Let's Reminisce: Slang-whanging at its best
By Jerry Lincecum
Aug 29, 2017
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Anyone who grew up in the country, as I did, is likely to remember some colloquial expressions that were often used in everyday conversation despite their being what English teachers call “slang.”  What kept these “non-standard” terms in use was the fact that they were usually made up of colorful, exaggerated metaphors or words and phrases that had taken on fresh meanings.  After all, our language is at its best when it can express the feelings and ideas of people with precision and freshness.  On the other hand, it distresses me to see politicans invoke the phrase “colorful language” as a euphemism for their use of profanity and obscenity.


Take the gambling expression “above board,” for example.  It comes from the practice of an honest card player who shuffles the deck in full view, on the table, as opposed to the crook who “stacks the deck” in order to cheat and assure he wins.  The term “stacked deck” has come to be applied to any situation that has a preordained outcome, such as the election in a “gerrymandered” district.


The latter term, incidentally, was born in 1812, when Massachusetts Governor Gerry signed a bill that redistricted the state to benefit his party. When drawn on the map, one of the contorted districts in the Boston area was said to resemble the shape of a salamander.  So a new word was created by combining the name of the governor with the latter part of the creature’s name: “Gerry-mander.”


My own given name was similarly used to create another slang term: “jerrybuilt,” referring to makeshift or shoddy workmanship.  Discovering this term and its meaning came as a shock to me when, as a child, I saw a cartoon in the Saturday Evening Post that showed two men standing in front of a large billboard advertisement that read “Buy a Jerry-Built Home!”  The older of the two men was saying to the younger, “Jerry, my boy, there’s something I need to tell you.”  The word started out as a nautical term, “jury-rigged,” referring to a makeshift or temporary repair (as in the French phrase “de jour,” for the day).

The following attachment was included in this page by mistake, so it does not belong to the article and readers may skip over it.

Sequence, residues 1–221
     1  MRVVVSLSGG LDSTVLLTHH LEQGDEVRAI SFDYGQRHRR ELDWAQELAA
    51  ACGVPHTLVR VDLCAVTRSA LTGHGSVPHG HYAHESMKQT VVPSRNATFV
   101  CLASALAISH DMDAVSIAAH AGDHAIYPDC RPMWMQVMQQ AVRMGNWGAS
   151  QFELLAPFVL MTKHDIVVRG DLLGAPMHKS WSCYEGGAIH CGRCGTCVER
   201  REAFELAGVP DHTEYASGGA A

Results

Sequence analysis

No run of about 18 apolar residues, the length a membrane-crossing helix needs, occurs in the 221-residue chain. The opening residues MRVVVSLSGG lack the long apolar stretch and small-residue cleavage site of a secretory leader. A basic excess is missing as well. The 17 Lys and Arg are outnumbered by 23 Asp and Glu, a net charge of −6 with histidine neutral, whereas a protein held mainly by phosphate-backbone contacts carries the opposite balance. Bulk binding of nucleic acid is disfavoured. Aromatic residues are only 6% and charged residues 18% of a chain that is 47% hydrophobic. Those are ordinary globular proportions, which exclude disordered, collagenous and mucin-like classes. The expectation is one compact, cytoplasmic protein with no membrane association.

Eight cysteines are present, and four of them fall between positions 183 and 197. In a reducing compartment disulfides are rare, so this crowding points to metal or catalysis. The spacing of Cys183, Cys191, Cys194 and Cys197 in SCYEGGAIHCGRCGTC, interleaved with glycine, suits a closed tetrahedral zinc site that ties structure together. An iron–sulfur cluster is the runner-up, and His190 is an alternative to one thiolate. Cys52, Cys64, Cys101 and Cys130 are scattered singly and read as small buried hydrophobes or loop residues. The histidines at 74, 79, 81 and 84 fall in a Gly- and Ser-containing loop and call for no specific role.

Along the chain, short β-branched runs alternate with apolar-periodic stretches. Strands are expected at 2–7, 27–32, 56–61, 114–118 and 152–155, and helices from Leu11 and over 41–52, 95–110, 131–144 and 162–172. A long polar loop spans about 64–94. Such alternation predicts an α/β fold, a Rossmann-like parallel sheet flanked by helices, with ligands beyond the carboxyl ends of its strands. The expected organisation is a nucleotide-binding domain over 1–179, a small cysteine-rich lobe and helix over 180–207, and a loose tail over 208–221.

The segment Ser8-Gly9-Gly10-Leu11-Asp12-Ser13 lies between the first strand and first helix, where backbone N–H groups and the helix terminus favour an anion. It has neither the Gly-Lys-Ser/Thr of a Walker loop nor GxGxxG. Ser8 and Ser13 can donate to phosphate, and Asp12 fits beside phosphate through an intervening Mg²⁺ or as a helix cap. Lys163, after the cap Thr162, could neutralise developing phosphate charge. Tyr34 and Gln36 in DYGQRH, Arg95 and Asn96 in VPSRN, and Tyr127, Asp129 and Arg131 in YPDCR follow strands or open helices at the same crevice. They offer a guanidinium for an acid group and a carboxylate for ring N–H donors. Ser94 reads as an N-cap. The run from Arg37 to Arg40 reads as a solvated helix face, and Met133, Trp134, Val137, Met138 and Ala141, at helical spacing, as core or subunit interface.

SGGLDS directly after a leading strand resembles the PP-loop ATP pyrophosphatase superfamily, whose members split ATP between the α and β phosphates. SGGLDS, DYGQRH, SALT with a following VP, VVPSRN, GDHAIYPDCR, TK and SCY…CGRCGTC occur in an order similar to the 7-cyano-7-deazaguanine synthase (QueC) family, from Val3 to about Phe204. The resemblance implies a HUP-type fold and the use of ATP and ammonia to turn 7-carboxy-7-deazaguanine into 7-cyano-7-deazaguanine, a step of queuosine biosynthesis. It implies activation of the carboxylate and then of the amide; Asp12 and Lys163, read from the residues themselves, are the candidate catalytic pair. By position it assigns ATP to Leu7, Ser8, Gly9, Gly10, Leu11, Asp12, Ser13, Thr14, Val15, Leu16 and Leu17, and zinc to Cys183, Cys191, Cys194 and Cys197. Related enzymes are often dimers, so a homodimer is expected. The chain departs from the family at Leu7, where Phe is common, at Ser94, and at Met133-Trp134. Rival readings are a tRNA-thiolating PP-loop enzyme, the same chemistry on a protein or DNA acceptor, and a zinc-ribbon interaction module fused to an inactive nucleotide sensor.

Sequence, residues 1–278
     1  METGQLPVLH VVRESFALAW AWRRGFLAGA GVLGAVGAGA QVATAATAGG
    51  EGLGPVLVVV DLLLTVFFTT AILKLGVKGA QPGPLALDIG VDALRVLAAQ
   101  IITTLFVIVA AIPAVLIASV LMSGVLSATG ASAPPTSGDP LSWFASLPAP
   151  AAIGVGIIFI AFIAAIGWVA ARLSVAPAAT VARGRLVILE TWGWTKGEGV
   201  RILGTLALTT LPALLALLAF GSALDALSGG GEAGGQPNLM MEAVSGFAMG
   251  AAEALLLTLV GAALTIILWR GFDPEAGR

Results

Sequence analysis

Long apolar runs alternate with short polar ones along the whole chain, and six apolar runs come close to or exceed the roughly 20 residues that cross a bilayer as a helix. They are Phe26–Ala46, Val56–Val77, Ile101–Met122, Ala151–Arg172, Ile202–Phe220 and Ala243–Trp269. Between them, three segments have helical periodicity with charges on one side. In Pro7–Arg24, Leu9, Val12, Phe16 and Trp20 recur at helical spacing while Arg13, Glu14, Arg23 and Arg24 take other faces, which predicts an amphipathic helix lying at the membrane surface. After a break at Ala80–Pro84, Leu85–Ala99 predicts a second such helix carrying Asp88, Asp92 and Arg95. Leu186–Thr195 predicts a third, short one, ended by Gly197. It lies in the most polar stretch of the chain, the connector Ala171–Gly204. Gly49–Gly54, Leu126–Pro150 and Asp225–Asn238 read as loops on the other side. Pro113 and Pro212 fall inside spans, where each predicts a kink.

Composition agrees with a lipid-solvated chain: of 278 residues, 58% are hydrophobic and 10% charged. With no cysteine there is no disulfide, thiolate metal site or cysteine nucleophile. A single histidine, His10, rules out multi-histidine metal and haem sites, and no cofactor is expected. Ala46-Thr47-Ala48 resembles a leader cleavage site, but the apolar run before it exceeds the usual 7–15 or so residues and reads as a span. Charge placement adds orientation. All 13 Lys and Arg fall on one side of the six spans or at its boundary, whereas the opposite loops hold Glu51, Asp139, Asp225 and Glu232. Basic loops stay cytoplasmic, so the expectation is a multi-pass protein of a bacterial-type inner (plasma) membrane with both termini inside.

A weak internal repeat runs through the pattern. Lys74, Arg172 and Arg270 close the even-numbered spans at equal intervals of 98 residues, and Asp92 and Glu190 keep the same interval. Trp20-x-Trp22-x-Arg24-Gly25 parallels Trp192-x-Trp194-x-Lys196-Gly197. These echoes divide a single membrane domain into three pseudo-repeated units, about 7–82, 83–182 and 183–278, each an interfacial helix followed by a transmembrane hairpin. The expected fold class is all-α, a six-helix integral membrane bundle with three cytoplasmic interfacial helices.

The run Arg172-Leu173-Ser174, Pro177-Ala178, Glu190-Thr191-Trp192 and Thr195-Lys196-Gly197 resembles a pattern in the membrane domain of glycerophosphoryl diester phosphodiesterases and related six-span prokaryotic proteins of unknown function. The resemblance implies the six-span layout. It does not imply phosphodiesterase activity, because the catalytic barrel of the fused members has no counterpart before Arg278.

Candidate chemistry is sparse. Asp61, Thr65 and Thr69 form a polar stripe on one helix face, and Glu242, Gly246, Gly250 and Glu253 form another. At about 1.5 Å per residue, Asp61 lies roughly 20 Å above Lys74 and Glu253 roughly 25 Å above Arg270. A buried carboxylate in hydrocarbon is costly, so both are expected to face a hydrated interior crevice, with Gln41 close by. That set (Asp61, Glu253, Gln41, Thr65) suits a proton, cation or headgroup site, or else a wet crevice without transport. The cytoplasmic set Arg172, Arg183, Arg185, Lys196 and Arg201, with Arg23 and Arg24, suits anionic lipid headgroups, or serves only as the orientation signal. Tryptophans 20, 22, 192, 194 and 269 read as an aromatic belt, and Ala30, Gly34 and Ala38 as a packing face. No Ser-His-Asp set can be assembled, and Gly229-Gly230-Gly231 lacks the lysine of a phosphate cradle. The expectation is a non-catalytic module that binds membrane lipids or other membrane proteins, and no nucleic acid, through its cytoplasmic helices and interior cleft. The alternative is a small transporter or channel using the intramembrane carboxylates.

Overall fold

One word that has figured in numerous slang expressions is “something.”  It can denote anything surprising or interesting by itself (“That is really something!”) or be used in a variety of combinations (“He has something up his sleeve” or “She has something on the ball”).


“Out” has proved to be even more prolific.  As an adjective it means “unfashionable or unacceptable,” while “outfox” is a verb meaning “to outwit.”  But that is just the tip of the iceberg when it comes to combinations, such as “out front,” “out in left field,” “out of it,” “out of line,” “out of one’s head,” “out of pocket,” “out of shape,” “out of sight,” “out of sync,” “out of the woods,” and “out of this world.”  Don’t forget “on the outs,” “outtake” and “outside chance.”


“Soup” has a number of applications not relating to food, including “soupy,” “soup up,” and “in the soup.”  One of my favorite categories of slang is pairs of rhyming words like “shrewd dude,” pooper scooper” and “lovey dovey.”


In its earliest uses, the word “slang” referred to the vocabulary of "low or disreputable" people. However, by the early nineteenth century, it was moving up in the world, and nowadays a speaker's selection of slang words or phrases may convey prestige.  The current occupant of the White House certainly feels no compunction about using slang in his tweets: Remember “Crazy Joe Scarborough and dumb as a rock Mika are not bad people.”


Jerry Lincecum is a retired Austin College professor who now teaches older adults to write their autobiographies and family histories.  Email him at